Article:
MyPhysicsLab – Molecule 5

Instructions: drag an atom with your mouse; change a parameter by clicking on it, typing, hit enter

Click the buttons below for various combinations of parameter settings. Can you find all the stable configurations?
4 stable configurations, energies: 14.25, 14.25, 14.25, 18.21
4 stable configurations, energies: 11.07, 11.43, 13.12, 13.70
3 stable configurations, energies: 5.62, 5.97, 9.18
Very elastic bouncing with no gravity and no damping.
Less elastic bouncing with weak gravity and no damping.

With a high amount of damping (eg. damping set to 1.0) the atoms settle down quickly into various configurations. Notice that two of the springs are red and the rest green. We can set the length or stiffness of the red springs separately from the green springs. By doing so the molecule becomes asymmetric.

The symmetric molecule (all springs are same length & stiffness) has 4 stable configurations that appear different in regards to the positioning of the red vs. green springs. But 3 of these configurations have the same energy. The energy is calculated as the sum of the kinetic energy (of motion) and the potential energy stored in springs that are stretched from their resting length (gravity also is a source of potential energy).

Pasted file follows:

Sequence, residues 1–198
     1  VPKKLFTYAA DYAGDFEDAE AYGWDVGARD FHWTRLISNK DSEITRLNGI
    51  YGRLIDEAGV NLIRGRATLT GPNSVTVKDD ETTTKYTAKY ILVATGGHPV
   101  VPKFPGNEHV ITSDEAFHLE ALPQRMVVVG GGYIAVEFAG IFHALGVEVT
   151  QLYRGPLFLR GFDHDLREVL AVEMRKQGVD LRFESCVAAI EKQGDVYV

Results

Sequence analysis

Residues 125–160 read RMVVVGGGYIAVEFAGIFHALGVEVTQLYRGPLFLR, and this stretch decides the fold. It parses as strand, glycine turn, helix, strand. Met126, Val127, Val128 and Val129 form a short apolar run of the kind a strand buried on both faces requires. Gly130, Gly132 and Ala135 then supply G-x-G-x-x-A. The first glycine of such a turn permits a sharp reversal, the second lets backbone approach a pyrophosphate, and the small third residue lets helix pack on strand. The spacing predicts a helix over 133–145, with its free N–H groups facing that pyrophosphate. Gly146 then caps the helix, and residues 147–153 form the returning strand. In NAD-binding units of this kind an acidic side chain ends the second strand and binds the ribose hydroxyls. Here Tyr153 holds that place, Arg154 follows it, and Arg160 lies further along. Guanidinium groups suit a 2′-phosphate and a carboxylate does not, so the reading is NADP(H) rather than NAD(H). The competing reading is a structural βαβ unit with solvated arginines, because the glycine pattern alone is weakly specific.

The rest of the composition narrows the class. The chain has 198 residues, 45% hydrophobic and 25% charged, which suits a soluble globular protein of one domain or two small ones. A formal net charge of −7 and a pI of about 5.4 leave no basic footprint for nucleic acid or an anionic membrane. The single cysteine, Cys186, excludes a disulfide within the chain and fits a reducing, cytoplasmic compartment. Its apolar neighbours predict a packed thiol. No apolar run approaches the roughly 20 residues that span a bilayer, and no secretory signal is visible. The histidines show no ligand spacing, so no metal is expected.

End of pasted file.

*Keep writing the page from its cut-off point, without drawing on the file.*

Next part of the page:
If you click the button labelled "red spring stiff 3" this will set the red springs to be weaker than the green springs. This makes the molecule asymmetric, or unbalanced. Now the same 4 configurations are present, but they are distorted and each has a different energy.

If you click the button labelled "red spring stiff 1" the red springs are now very much weaker than the green springs. This causes one of the stable configurations to disappear and merge into one of the other stable configurations. So now there are only 3 stable configurations. In the study of dynamical systems, this is known as a bifurcation which means that slowly changing a parameter of the system (the spring stiffness here) causes the number of stable states of the system to change.